The concept that all the forces of the universe must somehow be united is not a new idea. It is the central tenant of faith of Judaism for millennium, as stated in the Torah: “Hear O Israel, the Lord our God, the Lord is One.” The belief in the unity and oneness of God includes the notion that in essence all manifestations of physical and spiritual reality are one. It is highly significant that the essential name of God is four letters, the same number as the basic forces of the universe: gravity, electromagnetism, the strong nuclear force and the weak nuclear force.
That which unites these forces are the vibrating strings at the very foundation of all reality. String theory holds the possibility that through the perfection of the theory an equation will be formulated which will show how these four forces are essentially united and ultimately how to use this understanding. (One of the alternative versions of string theory actually posits twenty-six dimensions, the numerical value of the four letter name of God!)
The idea of unity relates to music in a very fundamental way as can be understood through the difference between noise and music. Noise is a haphazard or unpleasant combination of sound. Music implies order, harmony, symmetry and beauty. The Torah metaphor of music in relation to the creation is born from the belief that there is an order, harmony and purpose to creation. The cycles and laws of nature are not coincidental, rather the result of a Creator and a purpose.
Music itself has an integral sense of order and symmetry. The symphony of creation is truly like an orchestra of widely different and unique instruments and musicians, all working together to make the most beautiful music. As an orchestra has a conductor whose job is to make sure all work together towards the same purpose, so too does the universe have a Divine conductor orchestrating the whole production.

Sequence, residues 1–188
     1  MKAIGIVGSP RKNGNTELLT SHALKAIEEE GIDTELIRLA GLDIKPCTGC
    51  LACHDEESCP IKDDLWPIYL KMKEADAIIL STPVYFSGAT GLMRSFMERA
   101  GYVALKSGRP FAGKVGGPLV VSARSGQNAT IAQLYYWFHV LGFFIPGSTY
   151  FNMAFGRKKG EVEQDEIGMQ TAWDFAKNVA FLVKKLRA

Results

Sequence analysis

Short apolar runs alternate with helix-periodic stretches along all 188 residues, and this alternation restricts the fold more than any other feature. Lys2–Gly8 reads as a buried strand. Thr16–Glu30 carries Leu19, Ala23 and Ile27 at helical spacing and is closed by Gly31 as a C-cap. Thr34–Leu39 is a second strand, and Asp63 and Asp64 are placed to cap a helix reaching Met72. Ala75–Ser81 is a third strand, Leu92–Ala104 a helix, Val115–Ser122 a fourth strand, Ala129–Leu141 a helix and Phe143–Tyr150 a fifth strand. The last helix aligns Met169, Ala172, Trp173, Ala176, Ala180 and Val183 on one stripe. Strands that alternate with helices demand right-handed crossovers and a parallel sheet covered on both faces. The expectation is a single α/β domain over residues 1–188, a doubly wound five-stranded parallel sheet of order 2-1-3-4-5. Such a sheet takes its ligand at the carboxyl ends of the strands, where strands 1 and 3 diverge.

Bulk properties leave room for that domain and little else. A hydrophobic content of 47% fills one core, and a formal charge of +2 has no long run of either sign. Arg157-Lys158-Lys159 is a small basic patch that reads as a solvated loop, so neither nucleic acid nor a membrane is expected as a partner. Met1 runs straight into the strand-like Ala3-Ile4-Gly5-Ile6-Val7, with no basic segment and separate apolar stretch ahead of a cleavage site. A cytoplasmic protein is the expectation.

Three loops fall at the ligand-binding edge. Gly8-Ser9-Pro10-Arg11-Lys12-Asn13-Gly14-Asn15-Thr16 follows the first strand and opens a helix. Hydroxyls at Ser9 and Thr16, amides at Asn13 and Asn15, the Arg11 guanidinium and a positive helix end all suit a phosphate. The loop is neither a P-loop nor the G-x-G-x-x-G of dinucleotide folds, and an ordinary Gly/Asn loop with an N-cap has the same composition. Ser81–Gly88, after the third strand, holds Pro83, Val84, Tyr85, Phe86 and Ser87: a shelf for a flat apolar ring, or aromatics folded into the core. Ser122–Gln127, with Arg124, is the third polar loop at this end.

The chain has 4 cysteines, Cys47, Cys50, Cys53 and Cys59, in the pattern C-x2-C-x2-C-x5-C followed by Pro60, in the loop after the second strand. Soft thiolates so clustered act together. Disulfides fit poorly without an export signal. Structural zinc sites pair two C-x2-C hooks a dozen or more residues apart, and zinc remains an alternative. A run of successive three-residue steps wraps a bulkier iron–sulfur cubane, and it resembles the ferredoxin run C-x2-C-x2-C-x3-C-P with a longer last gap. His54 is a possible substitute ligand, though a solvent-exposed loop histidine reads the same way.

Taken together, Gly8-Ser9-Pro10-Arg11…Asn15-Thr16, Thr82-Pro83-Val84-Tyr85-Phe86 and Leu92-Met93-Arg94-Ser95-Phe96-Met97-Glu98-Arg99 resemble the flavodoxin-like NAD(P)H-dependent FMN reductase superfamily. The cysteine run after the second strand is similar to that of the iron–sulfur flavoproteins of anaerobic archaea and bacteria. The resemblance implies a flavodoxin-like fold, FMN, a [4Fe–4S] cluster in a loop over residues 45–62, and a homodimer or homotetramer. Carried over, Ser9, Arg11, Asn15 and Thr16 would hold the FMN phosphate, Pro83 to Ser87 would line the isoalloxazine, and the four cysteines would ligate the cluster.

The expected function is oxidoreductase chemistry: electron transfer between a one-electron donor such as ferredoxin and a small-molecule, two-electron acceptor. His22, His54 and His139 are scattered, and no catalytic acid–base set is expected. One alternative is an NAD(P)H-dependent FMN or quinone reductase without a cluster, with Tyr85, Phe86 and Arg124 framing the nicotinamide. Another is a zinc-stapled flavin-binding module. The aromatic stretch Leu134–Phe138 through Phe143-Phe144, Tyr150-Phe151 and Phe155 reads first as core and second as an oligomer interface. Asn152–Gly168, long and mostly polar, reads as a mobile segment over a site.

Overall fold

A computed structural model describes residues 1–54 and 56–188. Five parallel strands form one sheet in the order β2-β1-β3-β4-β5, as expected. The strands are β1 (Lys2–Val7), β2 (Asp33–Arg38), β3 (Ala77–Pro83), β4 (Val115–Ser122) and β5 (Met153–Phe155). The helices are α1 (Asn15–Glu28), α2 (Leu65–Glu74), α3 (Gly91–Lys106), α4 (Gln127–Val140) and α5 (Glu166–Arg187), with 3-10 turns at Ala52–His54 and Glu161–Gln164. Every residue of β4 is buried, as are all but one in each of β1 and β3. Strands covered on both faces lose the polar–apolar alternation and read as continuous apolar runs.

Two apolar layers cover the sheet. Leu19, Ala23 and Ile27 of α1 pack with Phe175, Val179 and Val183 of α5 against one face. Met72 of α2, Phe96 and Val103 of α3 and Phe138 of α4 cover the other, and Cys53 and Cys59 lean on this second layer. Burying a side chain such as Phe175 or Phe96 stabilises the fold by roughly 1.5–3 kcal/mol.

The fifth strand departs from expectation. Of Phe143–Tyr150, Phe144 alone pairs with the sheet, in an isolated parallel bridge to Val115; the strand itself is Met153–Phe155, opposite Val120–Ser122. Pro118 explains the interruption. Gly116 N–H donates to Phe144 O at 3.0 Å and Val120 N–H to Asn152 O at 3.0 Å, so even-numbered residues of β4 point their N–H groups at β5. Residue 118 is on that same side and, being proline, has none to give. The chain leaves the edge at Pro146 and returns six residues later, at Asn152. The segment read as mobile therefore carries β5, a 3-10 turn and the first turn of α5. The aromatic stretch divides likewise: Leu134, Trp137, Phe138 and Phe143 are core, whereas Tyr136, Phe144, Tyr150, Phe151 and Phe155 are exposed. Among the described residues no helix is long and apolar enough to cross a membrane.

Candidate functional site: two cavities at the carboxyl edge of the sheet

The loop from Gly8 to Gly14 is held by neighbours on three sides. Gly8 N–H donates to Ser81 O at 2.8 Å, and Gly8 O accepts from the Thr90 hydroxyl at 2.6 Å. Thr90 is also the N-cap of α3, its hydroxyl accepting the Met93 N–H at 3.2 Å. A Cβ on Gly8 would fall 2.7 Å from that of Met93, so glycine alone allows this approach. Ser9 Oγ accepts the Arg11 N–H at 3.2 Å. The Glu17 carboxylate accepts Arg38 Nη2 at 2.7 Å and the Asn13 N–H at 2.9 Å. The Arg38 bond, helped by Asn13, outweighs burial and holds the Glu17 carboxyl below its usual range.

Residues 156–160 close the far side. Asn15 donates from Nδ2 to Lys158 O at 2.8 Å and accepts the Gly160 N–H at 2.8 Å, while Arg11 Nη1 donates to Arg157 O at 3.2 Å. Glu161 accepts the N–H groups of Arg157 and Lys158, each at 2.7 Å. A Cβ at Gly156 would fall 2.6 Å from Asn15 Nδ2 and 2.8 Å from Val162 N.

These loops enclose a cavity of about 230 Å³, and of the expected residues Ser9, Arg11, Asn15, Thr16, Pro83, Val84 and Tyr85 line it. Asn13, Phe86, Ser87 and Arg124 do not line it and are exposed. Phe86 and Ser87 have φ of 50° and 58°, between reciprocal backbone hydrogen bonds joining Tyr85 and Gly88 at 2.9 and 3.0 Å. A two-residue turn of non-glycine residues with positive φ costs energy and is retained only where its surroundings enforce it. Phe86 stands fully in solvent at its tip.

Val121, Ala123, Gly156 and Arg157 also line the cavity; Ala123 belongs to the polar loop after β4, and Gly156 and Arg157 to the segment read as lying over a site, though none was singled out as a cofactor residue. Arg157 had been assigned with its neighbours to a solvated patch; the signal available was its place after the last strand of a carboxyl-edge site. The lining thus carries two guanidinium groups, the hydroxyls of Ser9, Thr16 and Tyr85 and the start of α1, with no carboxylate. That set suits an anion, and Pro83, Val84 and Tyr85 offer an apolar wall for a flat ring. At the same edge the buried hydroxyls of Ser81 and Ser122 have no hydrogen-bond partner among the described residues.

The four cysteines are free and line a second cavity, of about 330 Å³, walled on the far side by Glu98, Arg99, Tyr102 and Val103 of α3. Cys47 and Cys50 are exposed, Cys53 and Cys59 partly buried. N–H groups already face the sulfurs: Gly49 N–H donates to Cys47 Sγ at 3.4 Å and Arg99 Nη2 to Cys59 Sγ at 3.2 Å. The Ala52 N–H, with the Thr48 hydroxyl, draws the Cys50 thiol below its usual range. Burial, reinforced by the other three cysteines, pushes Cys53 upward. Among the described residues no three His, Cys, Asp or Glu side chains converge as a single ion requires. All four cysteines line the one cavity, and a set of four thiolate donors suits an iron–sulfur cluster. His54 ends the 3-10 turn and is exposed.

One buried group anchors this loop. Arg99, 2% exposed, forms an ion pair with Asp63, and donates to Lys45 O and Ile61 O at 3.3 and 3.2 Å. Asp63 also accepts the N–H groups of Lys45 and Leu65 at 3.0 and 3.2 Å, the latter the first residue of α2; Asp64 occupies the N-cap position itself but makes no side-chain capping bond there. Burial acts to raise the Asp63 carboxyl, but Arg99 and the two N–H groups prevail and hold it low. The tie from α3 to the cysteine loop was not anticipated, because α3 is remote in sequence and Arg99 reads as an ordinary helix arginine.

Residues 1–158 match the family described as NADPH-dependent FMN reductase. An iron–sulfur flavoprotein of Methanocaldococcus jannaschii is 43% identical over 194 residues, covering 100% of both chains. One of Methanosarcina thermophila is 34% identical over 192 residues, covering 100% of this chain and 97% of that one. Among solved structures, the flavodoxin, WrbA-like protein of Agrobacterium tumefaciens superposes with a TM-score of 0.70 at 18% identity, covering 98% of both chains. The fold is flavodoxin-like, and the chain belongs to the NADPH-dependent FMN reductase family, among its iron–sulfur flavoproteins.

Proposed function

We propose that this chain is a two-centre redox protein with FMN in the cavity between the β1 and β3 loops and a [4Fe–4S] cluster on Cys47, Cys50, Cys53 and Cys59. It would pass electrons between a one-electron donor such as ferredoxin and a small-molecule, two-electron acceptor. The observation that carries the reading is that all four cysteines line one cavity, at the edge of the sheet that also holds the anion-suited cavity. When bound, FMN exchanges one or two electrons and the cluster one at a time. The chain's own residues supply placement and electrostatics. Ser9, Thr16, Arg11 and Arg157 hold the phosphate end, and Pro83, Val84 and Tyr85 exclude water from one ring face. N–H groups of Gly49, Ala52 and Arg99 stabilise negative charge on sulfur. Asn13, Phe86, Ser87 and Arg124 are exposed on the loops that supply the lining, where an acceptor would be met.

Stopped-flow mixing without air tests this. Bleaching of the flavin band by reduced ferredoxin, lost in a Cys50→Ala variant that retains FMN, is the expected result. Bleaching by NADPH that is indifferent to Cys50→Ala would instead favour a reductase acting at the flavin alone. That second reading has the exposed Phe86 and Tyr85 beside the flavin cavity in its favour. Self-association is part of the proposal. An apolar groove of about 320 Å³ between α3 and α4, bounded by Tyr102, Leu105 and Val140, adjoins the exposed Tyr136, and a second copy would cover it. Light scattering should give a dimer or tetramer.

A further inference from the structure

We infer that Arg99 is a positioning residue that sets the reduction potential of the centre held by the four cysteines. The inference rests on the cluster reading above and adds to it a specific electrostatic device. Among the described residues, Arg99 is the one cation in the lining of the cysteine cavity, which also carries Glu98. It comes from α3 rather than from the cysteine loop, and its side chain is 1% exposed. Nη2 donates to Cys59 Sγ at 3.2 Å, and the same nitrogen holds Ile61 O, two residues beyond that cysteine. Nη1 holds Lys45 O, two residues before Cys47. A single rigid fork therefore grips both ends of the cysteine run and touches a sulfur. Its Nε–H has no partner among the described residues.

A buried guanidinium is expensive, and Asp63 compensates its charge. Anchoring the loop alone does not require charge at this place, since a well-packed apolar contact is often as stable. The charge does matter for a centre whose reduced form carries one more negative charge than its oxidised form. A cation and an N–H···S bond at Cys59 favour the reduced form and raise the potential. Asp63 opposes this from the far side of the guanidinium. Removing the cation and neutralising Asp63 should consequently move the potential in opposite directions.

The particular qualities we identified with music, and especially the ten songs sung throughout history, were the all encompassing attributes of purpose, unity, completion and peace. Song in its truest sense reveals within a person a complete unity of body and soul, a sense of peace and completion that touches the deepest aspect of ones being.
The human psyche is an incredibly complex structure made up of countless different and competing intellectual, emotional, psychological and behaviorist energies. As music is engraved in the very makeup of the physical universe, produced by strings creating a virtual world wide web of unity, so too music in the soul brings together all the different strings of a human being in order to achieve true unity and a symphony of ultimate purpose.
The quest for the unified field theory has been stymied though for years due to a critical problem. Einstein’s theory of general relativity and its implications for how we see space-time and its revolutionary revelations as to the workings of gravity, created a new understanding of the order inherent in the bigger picture of the universe. Yet within just a few years of Einstein’s findings, quantum mechanics and the uncertainty principle, revealed the inherent chaotic and unpredictable nature of the subatomic world. Einstein’s objection to the initial revelations of quantum physics was summed up in his famous statement “God does not play dice with the universe.” Paradoxically, both theories have been proven to be true and they stand in seeming contradiction one to the other.
Until quantum mechanics there was a growing belief in the deterministic nature of the universe. The laws of science were deemed to be so predictable that theoretically the future could be predicted if one knew all factors involved. The discoveries of Einstein gave support to that idea. Along came quantum physics and proved that, at least on a subatomic level, nothing was actually predictable. The best we could achieve were approximate predictions of how subatomic matter would act. It turns out that the bigger picture of science shows immutable order, while the smaller picture reveals a teeming world of unpredictability and chaos.
It is interesting to note that this paradox parallels the age old question of free will and determinism, which Torah acknowledges and deals with in countless ways. Einstein’s world view was basically deterministic, while quantum mechanics conceptually opens the possibility of free will. This dilemma of science and philosophy is considered by the Torah as one of the greatest paradoxes of existence. Yet, herein lies a great secret. Torah thought is not frightened by paradox, rather it embraces and accepts that paradoxes of all sorts exist at every level of reality.
The paradox of light being both a particle and a wave, and general relativity and quantum mechanics both being true, are examples in the world of science. Man’s ability to choose freely in relation to God’s knowledge of the future and the workings of Divine Providence is also such a paradox. The Torah view that free will and God’s Providence are both simultaneously true is similar to the scientific view that both general relativity and quantum mechanics are true and operate concurrently.